“Spoiled kids, let’s resolve this then …” wrote the Sporting president, Bruno de Carvalho, on his personal Facebook account at the start of April. Two months on, after a period in which 19 players have been suspended and a group of hooded men forced their way into the club’s training ground armed with sticks after defeat in the final league match of the season, it’s fair to say things have not worked out quite the way the man some have labelled the “Donald Trump of football” would have planned.
While Spain have problems of their own as the Iberian nations prepare to meet in their opening match at the 2018 World Cup, the fallout from the Sporting soap opera has marred the buildup to the tournament for the reigning European champions. On Monday Gelson Martins, William Carvalho and Bruno Fernandes joined the goalkeeper Rui Patrício in cancelling their contracts, citing “valid motives” for their decision. The Netherlands international Bas Dost, who was one of the players injured in the training ground attack, has also indicated his desire to leave one of Portugal’s most famous clubs, even accusing the president of perpetrating of “psychological violence” towards him, with the law courts now set to rule on the case.
“It’s a big mess,” admits Nuno Travassos of the Portuguese website maisfutebol.pt. “He was seen as the saviour and even now the club is split in two. There are still many people who support De Carvalho and want him to stay, even after all this controversy. He has always liked to speak about the team’s performances and uses social media a lot. That’s why some of the newspapers have made the comparison with Trump.”
Surprisingly elected in March 2013, De Carvalho has proven to be a popular choice among supporters for his frequent attacks on the Portuguese football establishment, including accusing Lisbon rivals Benfica of offering gifts to referees.
He has even been known to sit on the bench during matches – “creating a presence” as he described it – and also regularly texted his players after matches to make plain his dissatisfaction with their performances. But despite the controversial appointment of Jorge Jesus as manager after he left Benfica, Sporting’s season unravelled after the 2-0 defeat to Atlético Madrid in the first leg of their Europa League tie that prompted De Carvalho’s Facebook post.
Having previously promised to stay away from social media after one outburst in 2015, the president’s accusation that members of his team had committed “grotesque mistakes” understandably did not go down well. Nineteen players subsequently posted their own statement on Facebook noting their “displeasure with the public declarations of our president” – a move that prompted De Carvalho too threaten them with suspension.
Perhaps unsurprisingly, the denouement of the season was a disaster as Sporting finished third in the table, failing to qualify for the Champions League, before the damaging defeat to the minnows Aves in the Portuguese Cup final, who have been a top-flight side for only three seasons. Having already complained about fans being allowed access to the private car park at the club’s training ground, the attack on Dost, Jesus and several other members of staff a few days before the final proved to be the final straw.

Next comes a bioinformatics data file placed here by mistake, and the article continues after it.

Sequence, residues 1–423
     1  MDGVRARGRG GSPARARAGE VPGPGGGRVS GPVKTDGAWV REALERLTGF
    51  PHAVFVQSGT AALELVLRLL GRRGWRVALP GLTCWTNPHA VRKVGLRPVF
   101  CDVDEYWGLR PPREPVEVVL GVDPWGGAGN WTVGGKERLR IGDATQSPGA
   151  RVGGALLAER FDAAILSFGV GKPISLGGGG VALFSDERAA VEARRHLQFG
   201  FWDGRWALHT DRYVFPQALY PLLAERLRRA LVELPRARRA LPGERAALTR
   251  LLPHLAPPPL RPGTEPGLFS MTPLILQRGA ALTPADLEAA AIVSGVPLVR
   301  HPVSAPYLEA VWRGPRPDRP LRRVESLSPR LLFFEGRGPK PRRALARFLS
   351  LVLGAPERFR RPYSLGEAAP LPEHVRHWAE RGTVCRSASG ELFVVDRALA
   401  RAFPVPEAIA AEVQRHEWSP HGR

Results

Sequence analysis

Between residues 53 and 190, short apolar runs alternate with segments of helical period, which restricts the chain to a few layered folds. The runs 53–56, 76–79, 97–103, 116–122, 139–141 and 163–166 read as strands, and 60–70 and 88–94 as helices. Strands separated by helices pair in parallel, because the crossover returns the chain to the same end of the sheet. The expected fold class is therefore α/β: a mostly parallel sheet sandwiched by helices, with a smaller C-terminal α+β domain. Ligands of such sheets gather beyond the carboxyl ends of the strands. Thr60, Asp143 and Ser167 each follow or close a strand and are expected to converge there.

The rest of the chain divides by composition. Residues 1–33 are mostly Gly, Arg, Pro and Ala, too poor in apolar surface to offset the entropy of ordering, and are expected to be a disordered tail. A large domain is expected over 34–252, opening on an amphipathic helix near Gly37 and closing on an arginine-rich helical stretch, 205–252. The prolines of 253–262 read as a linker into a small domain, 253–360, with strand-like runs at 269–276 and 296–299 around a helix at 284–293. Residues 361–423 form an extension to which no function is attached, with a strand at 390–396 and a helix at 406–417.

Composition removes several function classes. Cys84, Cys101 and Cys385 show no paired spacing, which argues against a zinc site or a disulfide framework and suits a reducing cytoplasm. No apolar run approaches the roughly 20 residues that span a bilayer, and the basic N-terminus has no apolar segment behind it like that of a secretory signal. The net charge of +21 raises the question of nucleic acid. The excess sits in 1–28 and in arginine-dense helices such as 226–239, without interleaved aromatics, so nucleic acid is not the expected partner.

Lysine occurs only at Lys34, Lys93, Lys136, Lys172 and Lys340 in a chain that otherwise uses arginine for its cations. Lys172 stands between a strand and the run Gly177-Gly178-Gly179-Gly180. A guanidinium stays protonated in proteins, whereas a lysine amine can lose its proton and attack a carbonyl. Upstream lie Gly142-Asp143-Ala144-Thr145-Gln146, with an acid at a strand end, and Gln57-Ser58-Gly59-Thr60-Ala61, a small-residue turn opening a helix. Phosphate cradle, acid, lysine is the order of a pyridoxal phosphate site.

“The environment became awful,” says Travassos. “The players said in their resignation letters that the president and the board are responsible for this situation because they contributed to this bad environment and didn’t assure the security conditions of the team. That’s why they say they have reason to leave.”
Patrício, the 30-year-old goalkeeper who has won nearly 70 caps, was the first to tender his request to terminate his contract after a proposed €18m transfer to Wolves was vetoed by De Carvalho at the last minute, while winger Martins and midfielders Carvalho and Fernandes have also been linked with moves to the Premier League in recent days. Whether they get their wish remains to be seen, with De Carvalho having since offered to resign if all the players who want to leave reverse their decision, although Portugal coach Fernando Santos may fear the damage has already been done.
“Some of them are experienced players but obviously it’s something that they would have wanted to avoid,” says Travassos. “Usually the only thing we talk about in press conferences is Ronaldo, Ronaldo, Ronaldo but this time, there is more about Sporting.”
But with a squad that contains 13 of the 23 players who helped win the country’s first major silverware at Euro 2016, Portugal supporters have every reason to feel quietly confident of their chances. A comparison with the 1986 World Cup – when a talented squad went home bottom of their group after falling out with the Portuguese FA over bonuses – is tempting, especially given the presence of Morocco, to whom they lost 3-1 in their final match 32 years ago after defeating England, in their group. Yet with top-level players throughout the squad led by Cristiano Ronaldo in what is likely to be his last appearance at a World Cup, Santos’s side will be written off at their peril.
“I don’t think this has changed anything among the fans,” says Travassos. “It’s a bad situation of course but expectations are still the same. The players will be focused and if there is a problem, the coach has others to replace them. We don’t have the options of many countries but we have very good quality.”